Doctors Likelier to Suspect Minorities of Child Abuse
More tests ordered, authorities told when kid breaks bone
TUESDAY, Oct. 1, 2002 (HealthDayNews) -- Doctors are much more likely to suspect child abuse in minority children with broken bones than in white children with similar injuries, a new study has found.
Even when the cause of the fractures turns out to be an accident, physicians are quicker to call for X-rays to detect previous abuse when the child is black or Hispanic. They're also far more liable to refer the case to child protection officials when treating minorities than they are when the patient is white.
Dr. Cindy Christian, director of the Safe Place program at Children's Hospital of Philadelphia and leader of the study, says physicians may be guilty of letting class and race lead them to diagnose abuse -- and to miss it, too.
"I do think that subconsciously we have personal biases. It's hard to think about bad things that could happen to children when in front of you is a family that may be like you," may share the same ZIP code, school and social set, Christian says.
The findings appear in tomorrow's issue of the Journal of the American Medical Association.
More than one in five of the 826,000 reported cases of child abuse in 1999 involved physical harm. Statistics show that black and Hispanic children are more likely to fall victim to child abuse. However, the new study suggests these figures may underestimate the prevalence of abuse in whites, and the true rate of abuse may not vary so much by race.
Christian and her colleagues studied 388 children under the age of 3 who had been admitted to the hospital with broken long bones (like an arm or leg) or a skull fracture. Roughly half were white, and nearly 60 percent were boys.
Doctors filed reports of suspected abuse in 22.5 percent of the cases involving white children, and nearly 53 percent of those in which the patients were minorities. Two independent reviewers determined that abuse occurred in 27.6 percent of the minority injuries and 12.5 percent of those to white children.
"We were able to break down whether the injuries were truly from abuse or accidental," Christian says. "If you were a victim, you were treated the same."
Babies under a year -- a time of life when accidental fractures are unusual -- received identical care regardless of race, as did children in whom a finding of abuse was confirmed by the outside experts.
But for older children, when the nature of the injuries was unclear to those experts, striking differences emerged. Doctors at the hospital were nearly five times as likely to order full-body X-rays for minority toddlers to look for prior fractures that might signal abuse. And they were three times as likely to refer black and Hispanic children to child protective services.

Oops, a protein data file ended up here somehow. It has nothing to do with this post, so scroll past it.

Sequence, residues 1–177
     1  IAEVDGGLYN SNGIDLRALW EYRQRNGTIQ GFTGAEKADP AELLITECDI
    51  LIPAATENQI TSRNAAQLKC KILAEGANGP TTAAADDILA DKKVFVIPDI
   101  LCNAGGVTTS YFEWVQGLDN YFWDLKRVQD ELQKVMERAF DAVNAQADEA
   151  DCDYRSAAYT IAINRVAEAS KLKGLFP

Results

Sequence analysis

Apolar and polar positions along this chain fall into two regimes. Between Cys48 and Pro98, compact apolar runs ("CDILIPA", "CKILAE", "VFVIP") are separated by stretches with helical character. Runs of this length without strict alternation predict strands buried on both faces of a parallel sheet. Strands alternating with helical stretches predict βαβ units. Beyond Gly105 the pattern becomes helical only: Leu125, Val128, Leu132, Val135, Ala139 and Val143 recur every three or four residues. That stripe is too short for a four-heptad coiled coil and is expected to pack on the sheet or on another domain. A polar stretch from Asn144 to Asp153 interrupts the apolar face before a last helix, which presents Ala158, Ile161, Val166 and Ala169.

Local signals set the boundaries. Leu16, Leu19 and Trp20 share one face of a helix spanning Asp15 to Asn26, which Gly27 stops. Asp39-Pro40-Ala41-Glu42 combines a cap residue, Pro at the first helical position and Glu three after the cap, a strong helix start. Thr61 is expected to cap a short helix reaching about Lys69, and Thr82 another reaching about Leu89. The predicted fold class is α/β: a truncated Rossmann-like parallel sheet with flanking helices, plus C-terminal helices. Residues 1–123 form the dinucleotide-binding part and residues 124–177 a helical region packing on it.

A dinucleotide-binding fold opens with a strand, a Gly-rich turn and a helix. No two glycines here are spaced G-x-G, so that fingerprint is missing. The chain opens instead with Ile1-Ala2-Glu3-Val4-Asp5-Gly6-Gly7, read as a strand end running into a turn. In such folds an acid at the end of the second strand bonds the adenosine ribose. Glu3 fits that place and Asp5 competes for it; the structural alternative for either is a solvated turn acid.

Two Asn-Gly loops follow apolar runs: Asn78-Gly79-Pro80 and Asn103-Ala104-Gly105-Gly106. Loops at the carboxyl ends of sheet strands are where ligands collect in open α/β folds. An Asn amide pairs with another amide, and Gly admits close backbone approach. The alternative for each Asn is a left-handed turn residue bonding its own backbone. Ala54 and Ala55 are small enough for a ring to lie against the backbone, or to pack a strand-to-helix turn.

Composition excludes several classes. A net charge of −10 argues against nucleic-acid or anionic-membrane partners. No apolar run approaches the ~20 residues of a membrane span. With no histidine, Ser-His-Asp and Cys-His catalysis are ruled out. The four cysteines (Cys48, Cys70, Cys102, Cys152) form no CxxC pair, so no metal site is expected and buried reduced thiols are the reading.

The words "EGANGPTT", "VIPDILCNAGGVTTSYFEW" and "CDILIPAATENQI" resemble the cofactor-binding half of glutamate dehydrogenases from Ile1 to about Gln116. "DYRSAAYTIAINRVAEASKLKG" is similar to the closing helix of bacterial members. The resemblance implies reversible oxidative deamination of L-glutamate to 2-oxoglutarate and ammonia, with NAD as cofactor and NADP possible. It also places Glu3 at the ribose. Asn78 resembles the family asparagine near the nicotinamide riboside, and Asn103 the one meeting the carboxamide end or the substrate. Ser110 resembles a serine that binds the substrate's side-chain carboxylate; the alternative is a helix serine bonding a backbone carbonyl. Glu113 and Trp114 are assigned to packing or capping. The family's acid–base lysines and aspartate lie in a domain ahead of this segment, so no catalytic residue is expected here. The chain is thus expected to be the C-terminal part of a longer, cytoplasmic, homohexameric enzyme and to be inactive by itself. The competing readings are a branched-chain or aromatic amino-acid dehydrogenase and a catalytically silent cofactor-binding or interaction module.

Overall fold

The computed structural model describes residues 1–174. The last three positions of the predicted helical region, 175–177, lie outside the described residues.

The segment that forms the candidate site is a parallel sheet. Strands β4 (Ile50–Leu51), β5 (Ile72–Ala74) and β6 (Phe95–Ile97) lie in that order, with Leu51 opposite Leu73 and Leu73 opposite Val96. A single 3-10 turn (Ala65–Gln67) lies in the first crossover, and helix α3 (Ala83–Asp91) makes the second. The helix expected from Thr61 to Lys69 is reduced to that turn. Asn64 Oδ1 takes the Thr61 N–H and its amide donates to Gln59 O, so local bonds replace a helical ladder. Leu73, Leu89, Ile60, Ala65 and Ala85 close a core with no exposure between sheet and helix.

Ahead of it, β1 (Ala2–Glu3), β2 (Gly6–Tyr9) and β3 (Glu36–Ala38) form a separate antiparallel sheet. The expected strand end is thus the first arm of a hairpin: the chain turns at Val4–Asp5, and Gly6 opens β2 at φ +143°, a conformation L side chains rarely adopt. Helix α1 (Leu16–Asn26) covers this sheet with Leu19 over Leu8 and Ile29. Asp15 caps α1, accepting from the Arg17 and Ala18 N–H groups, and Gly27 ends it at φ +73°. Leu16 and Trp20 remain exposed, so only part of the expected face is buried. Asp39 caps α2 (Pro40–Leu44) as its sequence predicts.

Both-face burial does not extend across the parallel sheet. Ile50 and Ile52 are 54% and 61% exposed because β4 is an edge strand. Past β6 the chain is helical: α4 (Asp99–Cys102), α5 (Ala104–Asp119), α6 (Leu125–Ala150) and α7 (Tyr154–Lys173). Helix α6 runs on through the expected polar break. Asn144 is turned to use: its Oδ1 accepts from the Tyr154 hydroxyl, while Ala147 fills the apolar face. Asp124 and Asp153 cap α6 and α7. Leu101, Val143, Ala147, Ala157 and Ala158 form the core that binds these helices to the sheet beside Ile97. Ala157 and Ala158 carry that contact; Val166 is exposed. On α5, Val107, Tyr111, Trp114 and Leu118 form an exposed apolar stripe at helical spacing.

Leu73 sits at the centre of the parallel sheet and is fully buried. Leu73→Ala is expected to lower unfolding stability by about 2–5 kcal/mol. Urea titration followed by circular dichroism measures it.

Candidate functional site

The differences held even when Christian's group tried to account for the effect of social and economic status, and the kind of health insurance the child's parents had.
In other words, Christian says, a black mother whose toddler tumbles down the stairs and breaks his leg is three times as likely to have the accident referred to child welfare authorities for investigation as is a white woman whose baby has an identical injury.
Christian says the bias cuts two ways: "For minority toddlers who have accidental injures, they're being overly scrutinized and probably reported too frequently" to child abuse authorities. "The concern is also that we're missing some of the abused white children because doctors are not doing the skeletal surveys" on them.
Dr. Allan DeJong, medical director of the Children's Advocacy Center of Delaware in Wilmington, helped review the cases in the study. He agrees the findings show "a certain amount of bias or perhaps even prejudice when we evaluate children who have injuries. The bias includes both not doing additional laboratory or imaging studies that we might do in certain cases, and that we also might not report certain cases to [child welfare agents]."
Minority children do seem to be somewhat more vulnerable to abuse than whites, he says. However, doctors can't let that guide their willingness to accept a parent's explanation of an injury. "It is important to take the facts in the case on the basis of the information provided, rather than accept on face value an explanation from whites, but not from the parents of poor minority children."
John Holton, vice president for research at Prevent Child Abuse America, a Chicago advocacy group, says if the new findings are accurate, "we're allowing white children to be at greater endangerment than minority children. We might be as a society creating a picture that child abuse and neglect is somebody else's problem, it's not in the domain of the large majority of kids, when it fact it could be."
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